There is a number of remedies open to the Court under Section 82 of the Act. Having carefully reviewed the evidence and the circumstances of this particular case and having regard to the time at which this matter was first raised by the Complainant the Court is of the view that the appropriate remedy in this case is an award of compensation for the effects of the discrimination. In all the circumstances of this case, the Court has determined that the compensation which is fair and equitable should be measured at €25,000. An award in her favour is made in that amount.For the reasons set out elsewhere in this Determination the Court is satisfied that the Complainant's claim of victimisation is not well- founded. The Decision of the Equality Officer on that point is affirmed.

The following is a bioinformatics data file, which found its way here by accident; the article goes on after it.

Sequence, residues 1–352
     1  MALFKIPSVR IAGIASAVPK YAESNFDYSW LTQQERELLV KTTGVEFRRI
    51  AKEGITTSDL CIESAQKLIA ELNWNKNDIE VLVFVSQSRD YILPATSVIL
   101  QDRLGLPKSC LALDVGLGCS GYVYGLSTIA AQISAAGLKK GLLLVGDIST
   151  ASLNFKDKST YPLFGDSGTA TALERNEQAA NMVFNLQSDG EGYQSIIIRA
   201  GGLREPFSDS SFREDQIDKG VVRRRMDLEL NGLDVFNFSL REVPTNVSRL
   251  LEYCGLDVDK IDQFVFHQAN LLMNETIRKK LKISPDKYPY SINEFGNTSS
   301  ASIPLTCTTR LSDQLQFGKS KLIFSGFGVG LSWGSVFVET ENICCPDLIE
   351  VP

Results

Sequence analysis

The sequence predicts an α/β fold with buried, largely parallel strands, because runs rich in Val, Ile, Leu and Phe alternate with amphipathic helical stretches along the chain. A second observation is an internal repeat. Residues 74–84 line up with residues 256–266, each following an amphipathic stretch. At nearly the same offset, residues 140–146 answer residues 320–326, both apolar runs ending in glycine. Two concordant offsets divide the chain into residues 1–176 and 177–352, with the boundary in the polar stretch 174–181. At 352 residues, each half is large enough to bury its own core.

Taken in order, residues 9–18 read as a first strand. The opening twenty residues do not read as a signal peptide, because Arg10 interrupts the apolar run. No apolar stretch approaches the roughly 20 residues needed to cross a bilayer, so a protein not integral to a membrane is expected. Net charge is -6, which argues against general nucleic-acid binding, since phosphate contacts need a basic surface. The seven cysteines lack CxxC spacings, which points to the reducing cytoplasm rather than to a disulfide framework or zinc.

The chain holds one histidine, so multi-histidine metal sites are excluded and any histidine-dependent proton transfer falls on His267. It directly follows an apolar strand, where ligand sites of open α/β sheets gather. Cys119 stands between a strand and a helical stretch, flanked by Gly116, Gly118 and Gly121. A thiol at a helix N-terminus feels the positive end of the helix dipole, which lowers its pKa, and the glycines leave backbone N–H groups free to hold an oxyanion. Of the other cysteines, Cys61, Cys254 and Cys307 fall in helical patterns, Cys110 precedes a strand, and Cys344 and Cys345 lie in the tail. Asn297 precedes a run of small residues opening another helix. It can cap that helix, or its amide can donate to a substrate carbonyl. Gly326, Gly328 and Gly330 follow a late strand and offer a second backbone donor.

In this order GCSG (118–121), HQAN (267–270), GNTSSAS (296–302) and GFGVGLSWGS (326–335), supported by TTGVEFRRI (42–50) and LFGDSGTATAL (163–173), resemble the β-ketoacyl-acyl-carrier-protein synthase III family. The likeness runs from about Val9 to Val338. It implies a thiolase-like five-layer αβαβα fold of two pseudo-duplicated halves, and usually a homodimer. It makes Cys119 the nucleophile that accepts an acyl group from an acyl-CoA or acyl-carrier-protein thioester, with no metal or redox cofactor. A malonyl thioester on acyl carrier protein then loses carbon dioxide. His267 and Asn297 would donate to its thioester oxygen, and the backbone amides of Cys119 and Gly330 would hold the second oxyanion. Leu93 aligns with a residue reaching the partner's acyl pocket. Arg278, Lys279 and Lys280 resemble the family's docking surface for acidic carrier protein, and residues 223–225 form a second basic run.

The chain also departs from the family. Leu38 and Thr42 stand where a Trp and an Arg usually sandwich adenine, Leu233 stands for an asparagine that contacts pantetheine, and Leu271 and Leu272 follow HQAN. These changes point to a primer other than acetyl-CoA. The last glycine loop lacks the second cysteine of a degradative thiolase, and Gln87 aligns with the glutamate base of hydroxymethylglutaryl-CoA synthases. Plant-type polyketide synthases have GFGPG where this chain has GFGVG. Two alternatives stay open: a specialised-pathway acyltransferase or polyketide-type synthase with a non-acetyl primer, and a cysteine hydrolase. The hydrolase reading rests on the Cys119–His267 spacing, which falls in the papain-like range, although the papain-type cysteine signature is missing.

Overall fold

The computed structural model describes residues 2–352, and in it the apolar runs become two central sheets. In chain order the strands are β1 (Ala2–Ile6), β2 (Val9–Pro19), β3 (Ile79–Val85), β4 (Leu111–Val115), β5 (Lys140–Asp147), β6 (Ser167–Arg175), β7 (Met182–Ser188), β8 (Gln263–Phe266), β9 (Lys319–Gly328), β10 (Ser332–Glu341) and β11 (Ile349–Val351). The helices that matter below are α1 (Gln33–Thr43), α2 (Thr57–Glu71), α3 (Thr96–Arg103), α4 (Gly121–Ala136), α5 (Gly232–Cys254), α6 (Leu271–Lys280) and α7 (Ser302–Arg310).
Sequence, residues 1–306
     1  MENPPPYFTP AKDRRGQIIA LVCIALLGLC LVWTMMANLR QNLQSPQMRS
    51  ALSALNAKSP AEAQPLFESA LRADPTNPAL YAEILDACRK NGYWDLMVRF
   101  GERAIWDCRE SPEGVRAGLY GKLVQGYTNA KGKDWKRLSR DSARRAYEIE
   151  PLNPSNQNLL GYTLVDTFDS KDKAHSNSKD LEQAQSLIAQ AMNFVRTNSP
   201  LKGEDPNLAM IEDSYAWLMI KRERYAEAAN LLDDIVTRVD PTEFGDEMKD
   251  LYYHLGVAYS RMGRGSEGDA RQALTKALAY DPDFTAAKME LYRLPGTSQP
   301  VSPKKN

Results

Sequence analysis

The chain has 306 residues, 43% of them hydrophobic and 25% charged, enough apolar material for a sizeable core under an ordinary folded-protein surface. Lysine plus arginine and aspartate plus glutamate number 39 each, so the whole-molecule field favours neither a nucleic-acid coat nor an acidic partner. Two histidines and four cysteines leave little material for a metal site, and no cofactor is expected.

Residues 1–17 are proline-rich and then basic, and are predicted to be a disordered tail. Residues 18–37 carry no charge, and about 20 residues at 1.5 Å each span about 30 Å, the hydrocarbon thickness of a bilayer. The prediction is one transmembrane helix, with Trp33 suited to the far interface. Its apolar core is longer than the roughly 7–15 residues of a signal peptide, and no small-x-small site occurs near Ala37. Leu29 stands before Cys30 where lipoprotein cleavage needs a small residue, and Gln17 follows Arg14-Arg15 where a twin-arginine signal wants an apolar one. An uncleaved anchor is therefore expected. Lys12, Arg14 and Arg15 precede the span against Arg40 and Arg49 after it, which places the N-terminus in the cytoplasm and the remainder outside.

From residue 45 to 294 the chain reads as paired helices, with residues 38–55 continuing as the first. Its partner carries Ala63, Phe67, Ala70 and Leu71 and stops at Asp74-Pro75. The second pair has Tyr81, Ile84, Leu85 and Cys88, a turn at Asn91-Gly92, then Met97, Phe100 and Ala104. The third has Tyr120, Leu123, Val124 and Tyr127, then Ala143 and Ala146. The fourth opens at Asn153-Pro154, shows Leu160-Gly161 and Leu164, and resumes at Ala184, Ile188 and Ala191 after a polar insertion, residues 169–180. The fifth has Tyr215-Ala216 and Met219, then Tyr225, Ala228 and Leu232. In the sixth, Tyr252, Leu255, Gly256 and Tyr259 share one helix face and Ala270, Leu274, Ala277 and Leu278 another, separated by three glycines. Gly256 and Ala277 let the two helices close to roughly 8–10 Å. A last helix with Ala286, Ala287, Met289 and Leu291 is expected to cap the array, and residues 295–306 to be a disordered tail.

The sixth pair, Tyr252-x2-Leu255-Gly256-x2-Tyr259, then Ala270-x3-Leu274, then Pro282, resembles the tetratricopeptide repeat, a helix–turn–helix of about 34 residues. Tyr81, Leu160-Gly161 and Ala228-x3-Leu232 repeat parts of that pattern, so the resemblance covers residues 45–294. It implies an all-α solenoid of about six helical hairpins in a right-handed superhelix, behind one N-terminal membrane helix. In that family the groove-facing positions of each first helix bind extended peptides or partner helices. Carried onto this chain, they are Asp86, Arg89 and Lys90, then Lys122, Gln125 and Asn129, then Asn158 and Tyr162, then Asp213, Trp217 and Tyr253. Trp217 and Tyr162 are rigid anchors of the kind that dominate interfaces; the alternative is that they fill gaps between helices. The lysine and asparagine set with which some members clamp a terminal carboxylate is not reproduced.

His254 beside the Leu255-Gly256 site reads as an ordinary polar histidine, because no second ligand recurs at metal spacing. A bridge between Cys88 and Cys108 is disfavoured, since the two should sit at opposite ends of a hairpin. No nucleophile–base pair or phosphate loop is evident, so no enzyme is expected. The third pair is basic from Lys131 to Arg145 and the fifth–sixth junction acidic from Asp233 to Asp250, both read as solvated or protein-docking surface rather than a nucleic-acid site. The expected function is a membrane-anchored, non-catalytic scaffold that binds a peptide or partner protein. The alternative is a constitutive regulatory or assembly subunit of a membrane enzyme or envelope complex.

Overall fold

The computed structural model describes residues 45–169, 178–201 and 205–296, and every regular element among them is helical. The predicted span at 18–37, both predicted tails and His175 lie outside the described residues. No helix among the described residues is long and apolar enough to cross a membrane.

Signed on behalf of the Labour Court
18th August, 2006______________________
Enquiries concerning this Determination should be addressed to Joanne O'Connor, Court Secretary.